In September, an article titled “Dangerous Supplements: What You Don’t Know About These 12 Ingredients Could Hurt You” was published in Consumer Reports. It calls out 12 ingredients deemed unsafe by the article’s authors.
In September, an article titled “Dangerous Supplements: What You Don’t Know About These 12 Ingredients Could Hurt You” was published in Consumer Reports.It calls out 12 ingredients deemed unsafe by the article’s authors.
Many consumers will have never heard of the ingredients named on the list. In fact, Nutrition Business Journalhas pointed out that they represent a mere 0.2% of the total supplements market. The American Herbal Products Association (AHPA) says that even news anchor Matt Lauer was quoted as saying on the “Today Show,” “I haven’t heard of most of these things.”
No one wants to trivialize ingredient safety. If valid concerns are out there, most in the industry would say they certainly want to know about it. They’d want consumers armed with that information as well. However, the fact remains that, as AHPA and other industry associations point out, the meta-analysis on which the article is based has numerous holes.
Unfortunately, consumers reading this scare-tactic article may be confused into thinking that some of these more-obscure ingredients in fact represent the supplements industry in a larger fashion. In short, it’s the type of misinformation that further seeks to confuse consumers about the safety and efficacy of this market.
Whenever negative press arises, industry defends itself, stating that laws doexist to regulate the market-namely, the Dietary Supplement Health and Education Act of 1994. The contention is that FDA need only receive adequate resources to enforce the law. While industry can never cease driving this point home to its critics, maybe it’s just not enough. Perhaps there are other ways of showing consumers how safe our industry actually can be.
That’s where Gaia Herbs comes in. This summer, the herbal marketer introduced a new, industry-first botanical program called Meet Your Herbs. It seeks to provide consumers with extremely detailed information, not just about herbs in general, but about the exact herbs contained in a Gaia Herbs product a consumer has purchased. (See page 32 of this issue for more information about this program.)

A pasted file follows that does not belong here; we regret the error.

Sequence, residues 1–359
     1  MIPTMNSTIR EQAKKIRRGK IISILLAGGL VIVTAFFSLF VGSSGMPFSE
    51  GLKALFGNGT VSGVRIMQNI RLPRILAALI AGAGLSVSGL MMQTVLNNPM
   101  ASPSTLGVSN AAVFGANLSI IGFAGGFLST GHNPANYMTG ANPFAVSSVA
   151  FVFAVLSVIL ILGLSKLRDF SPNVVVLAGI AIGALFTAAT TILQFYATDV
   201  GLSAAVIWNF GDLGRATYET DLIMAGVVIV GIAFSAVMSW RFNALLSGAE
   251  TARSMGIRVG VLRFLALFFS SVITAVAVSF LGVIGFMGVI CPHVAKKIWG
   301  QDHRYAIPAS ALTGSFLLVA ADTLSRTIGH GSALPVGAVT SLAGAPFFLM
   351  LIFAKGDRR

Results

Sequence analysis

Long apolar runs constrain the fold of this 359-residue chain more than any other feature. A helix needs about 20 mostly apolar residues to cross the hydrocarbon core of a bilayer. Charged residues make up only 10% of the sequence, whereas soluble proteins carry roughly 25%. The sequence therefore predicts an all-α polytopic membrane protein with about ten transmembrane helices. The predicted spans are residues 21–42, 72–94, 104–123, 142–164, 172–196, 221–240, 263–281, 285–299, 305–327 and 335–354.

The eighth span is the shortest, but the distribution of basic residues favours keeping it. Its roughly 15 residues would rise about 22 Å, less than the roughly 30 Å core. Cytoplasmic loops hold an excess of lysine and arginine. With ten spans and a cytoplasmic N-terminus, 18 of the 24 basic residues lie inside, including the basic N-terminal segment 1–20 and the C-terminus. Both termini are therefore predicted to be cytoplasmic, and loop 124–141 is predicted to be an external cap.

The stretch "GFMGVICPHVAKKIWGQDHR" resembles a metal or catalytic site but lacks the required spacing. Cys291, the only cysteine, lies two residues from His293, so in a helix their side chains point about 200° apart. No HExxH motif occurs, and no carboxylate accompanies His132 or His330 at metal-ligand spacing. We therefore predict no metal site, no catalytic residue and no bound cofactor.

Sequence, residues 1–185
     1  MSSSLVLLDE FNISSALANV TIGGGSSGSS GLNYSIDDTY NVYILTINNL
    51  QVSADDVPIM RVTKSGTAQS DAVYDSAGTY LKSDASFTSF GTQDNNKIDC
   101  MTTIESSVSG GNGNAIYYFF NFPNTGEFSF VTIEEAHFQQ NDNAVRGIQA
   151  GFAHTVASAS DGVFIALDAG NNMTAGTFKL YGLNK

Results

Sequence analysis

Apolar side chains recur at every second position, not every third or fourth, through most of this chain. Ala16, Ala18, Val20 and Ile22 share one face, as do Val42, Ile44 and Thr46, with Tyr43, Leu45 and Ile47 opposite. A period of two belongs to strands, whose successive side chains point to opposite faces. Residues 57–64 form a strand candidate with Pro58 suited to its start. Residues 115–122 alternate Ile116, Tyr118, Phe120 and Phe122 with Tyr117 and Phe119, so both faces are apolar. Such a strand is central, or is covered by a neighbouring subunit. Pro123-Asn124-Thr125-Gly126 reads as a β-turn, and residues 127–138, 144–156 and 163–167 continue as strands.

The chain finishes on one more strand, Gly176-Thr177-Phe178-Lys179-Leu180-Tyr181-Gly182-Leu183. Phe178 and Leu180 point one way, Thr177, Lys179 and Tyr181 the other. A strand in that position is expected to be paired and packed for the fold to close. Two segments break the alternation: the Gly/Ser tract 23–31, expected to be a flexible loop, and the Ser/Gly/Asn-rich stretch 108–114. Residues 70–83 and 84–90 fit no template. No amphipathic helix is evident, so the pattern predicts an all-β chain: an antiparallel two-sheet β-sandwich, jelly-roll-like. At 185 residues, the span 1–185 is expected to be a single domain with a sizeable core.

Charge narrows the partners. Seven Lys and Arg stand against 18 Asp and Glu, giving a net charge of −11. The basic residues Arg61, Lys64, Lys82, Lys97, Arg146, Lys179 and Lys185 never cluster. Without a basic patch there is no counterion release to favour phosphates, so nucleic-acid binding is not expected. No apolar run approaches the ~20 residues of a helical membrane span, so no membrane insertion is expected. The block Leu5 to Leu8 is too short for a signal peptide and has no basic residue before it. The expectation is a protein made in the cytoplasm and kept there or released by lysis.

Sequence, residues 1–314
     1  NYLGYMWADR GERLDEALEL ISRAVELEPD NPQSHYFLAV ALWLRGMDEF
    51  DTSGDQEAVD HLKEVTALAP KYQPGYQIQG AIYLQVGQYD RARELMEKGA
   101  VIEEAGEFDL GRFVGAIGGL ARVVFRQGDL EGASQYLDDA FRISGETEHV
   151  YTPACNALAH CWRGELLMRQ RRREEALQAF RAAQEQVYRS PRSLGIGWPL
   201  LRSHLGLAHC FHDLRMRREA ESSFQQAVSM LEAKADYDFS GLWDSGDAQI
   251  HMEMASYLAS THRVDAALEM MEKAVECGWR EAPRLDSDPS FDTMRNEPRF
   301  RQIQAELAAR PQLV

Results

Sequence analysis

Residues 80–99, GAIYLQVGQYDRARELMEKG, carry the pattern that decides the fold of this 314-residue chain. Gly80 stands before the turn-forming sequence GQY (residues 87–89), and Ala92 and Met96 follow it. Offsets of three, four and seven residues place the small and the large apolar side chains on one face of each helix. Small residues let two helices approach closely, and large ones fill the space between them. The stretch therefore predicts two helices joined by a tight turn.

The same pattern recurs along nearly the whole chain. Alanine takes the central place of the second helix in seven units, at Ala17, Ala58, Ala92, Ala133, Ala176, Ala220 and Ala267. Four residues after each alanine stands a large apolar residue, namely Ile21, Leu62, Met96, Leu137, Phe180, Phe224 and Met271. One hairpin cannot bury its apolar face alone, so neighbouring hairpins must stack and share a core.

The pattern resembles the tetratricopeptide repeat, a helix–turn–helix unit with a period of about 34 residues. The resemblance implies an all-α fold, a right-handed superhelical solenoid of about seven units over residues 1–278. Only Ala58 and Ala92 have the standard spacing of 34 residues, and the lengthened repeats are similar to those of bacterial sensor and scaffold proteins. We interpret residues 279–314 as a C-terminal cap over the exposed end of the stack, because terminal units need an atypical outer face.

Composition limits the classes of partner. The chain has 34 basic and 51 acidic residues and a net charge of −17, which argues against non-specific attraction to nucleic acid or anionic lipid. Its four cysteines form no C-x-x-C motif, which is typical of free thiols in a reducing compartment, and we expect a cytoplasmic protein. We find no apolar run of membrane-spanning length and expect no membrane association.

First and foremost, consumers will likely be drawn to Meet Your Herbs for its sheer novelty factor. It’s not often in this industry-or any other-that consumers are able to access information about ingredient safety in this manner. Gaia Herbs also made sure that the tool would be easy and convenient to use. All it requires is that consumers enter a product’s identification code on a website. Customers can even do it from the road using a smart phone. Test a program demo on www.meetyourherbs.com to see for yourself.
The program provides customers with an encyclopedic background of each herb and how it functions and benefits the body-so that consumers don’t have to rely on conflicting or sensationalized information they may receive piecemeal from media.
Although this is useful, Meet Your Herbs does something far more important, however. By providing detailed information about an herb’s safety-how it was validated, extracted, and tested for adulterants-the program teaches consumers about what they should be looking for in terms of safety evidence. It underlines the fact that there is a story behind every herb that gives each product its unique quality identity. Once educated about how products are safety-tested by industry, consumers will know to demand this level of safety-and evidence of safety-in every product they buy going forward.
In my interview, I asked Gaia’s vice president of strategic initiatives, Greg Cumberford, about how he felt a program like Meet Your Herbs could help set an industry standard for quality transparency. He said, “If one U.S. botanical supplement company can do this, why not the entire industry? Such a paradigm shift would greatly increase both consumer and regulatory confidence in premium-quality botanical supplements.”
I tend to agree. Perhaps what might help industry now is putting the evidence where its claims are.